Wolfbane or Monkshood is more properly known as (Aconitum Gapellus) and is a delightful and easily grown replacement for the tall spikes of delphinium. If you’ve ever seen this plant, you’ll know that the individual flowers resemble a monk’s hood, so this name is appropriate.
Here is the best guide for growing Monkshood in your garden.
How to Grow Monshood?
Full sun or light shade. This plant will live in the shade, but the flowers get quite floppy with reduced sunlight. They perform best with a minimum of six hours of full sun every day.
I grow mine in rich soil with extra organic matter added; the organic matter ensures a consistent supply of moisture and nutrients that keep this plant sturdy and growing without stakes. I suspect if you overfeed it, you will have to stake it.
In nature, Monkshood is found as a woodland edger – getting protection from the blazing heat of the sun but allowed to get all morning and late afternoon sun it could gather. As a woodland edger, it would also receive the benefits of leaf litter – a constant and even soil moisture and temperature – to encourage it to bloom.
We have to emulate that condition in our gardens if we want to see this plant truly thrive. If you allow the garden soil to dry out, the performance of this plant will suffer. Being an “edger,” you may very well find that Monkshood will do well for your clay soil garden.
I’d suggest you add as much organic matter/leaf litter in the fall to emulate its natural environment but try it if you have clay soils.
If you truly enjoy the blooms of Aconitum, then let me pass along this growing tip. As soon as the blooms are done on the first flowering flush, cut the bloom stalks to the ground and do not allow the plant to set seed. This will encourage it to set another round of flowers later in the summer.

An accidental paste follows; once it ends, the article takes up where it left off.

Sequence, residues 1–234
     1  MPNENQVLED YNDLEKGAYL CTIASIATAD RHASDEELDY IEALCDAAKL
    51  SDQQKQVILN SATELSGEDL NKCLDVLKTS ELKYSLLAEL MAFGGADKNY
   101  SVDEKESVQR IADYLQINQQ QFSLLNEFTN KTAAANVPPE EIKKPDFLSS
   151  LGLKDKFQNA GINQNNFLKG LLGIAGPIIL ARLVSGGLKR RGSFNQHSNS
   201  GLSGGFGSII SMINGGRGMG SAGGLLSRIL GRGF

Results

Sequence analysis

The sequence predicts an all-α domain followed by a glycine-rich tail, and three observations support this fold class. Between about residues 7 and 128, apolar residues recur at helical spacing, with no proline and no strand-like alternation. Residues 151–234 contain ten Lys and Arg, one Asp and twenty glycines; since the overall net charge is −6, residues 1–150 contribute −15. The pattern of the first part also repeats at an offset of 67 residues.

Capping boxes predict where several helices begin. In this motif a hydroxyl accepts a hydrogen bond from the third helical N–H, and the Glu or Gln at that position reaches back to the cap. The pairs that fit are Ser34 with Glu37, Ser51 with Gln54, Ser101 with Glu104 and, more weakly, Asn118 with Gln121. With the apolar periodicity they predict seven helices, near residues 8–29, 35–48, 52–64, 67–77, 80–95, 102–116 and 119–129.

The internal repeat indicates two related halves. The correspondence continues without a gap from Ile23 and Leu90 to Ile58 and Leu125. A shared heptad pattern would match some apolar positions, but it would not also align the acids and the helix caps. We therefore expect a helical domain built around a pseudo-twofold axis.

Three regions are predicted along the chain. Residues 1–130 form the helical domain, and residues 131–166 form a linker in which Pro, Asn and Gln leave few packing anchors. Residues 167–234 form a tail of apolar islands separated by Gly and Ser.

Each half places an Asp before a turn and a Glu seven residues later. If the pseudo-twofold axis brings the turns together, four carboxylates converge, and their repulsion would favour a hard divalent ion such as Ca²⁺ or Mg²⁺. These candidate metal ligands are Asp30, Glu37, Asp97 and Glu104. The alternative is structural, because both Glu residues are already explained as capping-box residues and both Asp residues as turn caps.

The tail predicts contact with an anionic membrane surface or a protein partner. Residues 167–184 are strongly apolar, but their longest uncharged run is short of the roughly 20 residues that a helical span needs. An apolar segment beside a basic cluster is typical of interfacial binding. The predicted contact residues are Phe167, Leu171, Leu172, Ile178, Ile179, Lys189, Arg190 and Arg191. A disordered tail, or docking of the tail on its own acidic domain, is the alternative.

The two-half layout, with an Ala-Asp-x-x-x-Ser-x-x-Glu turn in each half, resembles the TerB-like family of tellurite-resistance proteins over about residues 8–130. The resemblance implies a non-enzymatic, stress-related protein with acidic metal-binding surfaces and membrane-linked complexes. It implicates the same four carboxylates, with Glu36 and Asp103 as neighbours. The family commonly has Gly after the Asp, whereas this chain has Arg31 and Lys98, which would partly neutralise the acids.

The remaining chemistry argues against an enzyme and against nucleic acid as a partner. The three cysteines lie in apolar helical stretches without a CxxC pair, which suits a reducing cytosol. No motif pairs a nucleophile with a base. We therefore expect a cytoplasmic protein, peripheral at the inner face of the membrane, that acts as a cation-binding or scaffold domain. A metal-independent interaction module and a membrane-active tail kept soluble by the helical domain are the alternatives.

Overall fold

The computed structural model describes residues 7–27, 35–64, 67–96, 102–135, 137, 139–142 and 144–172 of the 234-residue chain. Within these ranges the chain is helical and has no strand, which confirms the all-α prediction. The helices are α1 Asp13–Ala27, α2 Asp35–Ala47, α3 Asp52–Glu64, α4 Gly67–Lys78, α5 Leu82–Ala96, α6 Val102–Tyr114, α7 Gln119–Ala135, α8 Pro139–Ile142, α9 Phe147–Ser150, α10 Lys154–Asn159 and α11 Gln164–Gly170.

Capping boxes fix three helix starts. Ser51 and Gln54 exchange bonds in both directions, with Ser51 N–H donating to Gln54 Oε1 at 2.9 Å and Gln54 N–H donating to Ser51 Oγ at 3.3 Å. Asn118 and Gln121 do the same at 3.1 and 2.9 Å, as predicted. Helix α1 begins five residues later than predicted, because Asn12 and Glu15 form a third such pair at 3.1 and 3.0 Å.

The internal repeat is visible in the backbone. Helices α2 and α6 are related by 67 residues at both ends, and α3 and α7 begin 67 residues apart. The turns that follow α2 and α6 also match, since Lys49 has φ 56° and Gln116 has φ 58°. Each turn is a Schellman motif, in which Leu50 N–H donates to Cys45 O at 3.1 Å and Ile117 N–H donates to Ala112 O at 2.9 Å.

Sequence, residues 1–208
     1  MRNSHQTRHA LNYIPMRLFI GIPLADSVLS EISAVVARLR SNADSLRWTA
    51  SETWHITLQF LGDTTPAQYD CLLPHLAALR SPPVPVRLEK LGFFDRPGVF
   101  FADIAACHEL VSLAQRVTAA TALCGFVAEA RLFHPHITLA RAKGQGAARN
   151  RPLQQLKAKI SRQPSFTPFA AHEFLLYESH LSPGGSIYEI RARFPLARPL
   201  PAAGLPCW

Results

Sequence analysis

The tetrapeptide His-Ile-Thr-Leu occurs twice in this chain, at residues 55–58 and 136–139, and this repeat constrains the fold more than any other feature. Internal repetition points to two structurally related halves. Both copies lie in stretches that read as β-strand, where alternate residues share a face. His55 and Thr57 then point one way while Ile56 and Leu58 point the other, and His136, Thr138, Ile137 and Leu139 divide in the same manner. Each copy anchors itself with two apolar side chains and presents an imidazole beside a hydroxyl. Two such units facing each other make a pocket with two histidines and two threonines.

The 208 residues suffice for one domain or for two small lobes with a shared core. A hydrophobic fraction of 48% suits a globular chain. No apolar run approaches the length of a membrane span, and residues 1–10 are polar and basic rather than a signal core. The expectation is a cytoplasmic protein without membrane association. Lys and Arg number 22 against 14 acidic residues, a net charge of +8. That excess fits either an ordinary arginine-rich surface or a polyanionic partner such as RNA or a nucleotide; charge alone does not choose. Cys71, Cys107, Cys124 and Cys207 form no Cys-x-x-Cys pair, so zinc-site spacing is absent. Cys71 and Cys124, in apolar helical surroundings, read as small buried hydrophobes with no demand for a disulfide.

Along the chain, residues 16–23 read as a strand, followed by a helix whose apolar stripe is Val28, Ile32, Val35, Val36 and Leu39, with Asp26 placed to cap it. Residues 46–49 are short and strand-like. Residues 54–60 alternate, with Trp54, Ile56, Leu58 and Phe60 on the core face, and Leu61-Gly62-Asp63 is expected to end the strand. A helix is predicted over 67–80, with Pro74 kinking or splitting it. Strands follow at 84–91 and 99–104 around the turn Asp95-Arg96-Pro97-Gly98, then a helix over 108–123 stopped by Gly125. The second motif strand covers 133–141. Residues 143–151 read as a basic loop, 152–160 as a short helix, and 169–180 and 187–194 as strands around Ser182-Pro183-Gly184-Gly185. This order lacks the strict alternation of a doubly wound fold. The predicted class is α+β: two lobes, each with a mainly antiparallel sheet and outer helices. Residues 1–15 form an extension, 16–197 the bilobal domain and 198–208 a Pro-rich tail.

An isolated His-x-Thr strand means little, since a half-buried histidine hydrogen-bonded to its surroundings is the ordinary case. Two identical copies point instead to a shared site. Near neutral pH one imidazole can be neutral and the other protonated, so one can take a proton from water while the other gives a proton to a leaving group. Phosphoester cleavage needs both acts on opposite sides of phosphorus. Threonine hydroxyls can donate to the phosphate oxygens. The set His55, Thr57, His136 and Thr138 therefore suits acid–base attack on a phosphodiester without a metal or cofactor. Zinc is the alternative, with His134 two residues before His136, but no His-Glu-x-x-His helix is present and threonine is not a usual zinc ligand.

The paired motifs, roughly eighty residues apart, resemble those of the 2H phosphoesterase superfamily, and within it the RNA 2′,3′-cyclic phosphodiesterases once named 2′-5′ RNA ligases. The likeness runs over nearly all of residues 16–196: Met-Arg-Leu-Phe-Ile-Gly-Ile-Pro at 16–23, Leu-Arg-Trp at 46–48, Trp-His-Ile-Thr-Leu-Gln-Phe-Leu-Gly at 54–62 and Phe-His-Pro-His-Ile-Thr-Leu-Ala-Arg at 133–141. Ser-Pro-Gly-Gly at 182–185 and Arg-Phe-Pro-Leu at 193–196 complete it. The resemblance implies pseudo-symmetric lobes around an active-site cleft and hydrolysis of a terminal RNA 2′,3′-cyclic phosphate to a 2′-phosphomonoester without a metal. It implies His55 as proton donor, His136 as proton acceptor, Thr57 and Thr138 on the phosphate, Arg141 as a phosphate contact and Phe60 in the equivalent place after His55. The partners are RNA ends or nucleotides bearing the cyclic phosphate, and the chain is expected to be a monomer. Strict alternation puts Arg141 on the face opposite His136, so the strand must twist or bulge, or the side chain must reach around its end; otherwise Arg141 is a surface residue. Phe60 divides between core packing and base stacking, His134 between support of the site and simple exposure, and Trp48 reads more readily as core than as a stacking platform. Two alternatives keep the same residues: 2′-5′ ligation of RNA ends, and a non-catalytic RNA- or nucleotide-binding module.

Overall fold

One of the delights of this plant is that it is an early summer bloomer; once it starts to grow, you can watch it explode from the ground to give one of the tallest early displays in the garden.
The variety typically found in garden centers is Aconitum cammarum, and my favorite is Aconitum cammarum’ Bicolor’. It has a blue and white flower and is quite lovely.
‘Blue Sceptre’ with mid-blue flowers and ‘Bressingham Spire’ with a deep lavender purple flower are two other exceptional varieties.
Aconitum carmichaelii is a fall-blooming species that I enjoyed last summer at the Montreal Botanic Gardens; I enjoyed it so much that I obtained seed and started my own. In January, the seed was sown in a cold frame, allowed to freeze and thaw naturally for several months, and I notice that I have a few seedlings starting to germinate right now.
The seeds do require that cold stratification for successful germination.
Aconitum hyemale as a species is seldom grown, but the off-white form of this is sometimes found. Called ‘Ivorine,’ it too blossoms in early summer, and if you need a 48-inch tall white form, I would recommend this one.
Aconitum x hybrida ‘Pink Sensation’ is a new introduction with soft lavender-pink blossoms. Interesting and a good grower in my garden.
Monkshood is Poisonous
This is a poisonous plant – all parts of the plant are toxic if you eat them. Roots may be mistaken for edible roots if left lying around.
Handling the plant itself isn’t a problem, so there is no reason not to grow it in your garden. Just don’t eat it.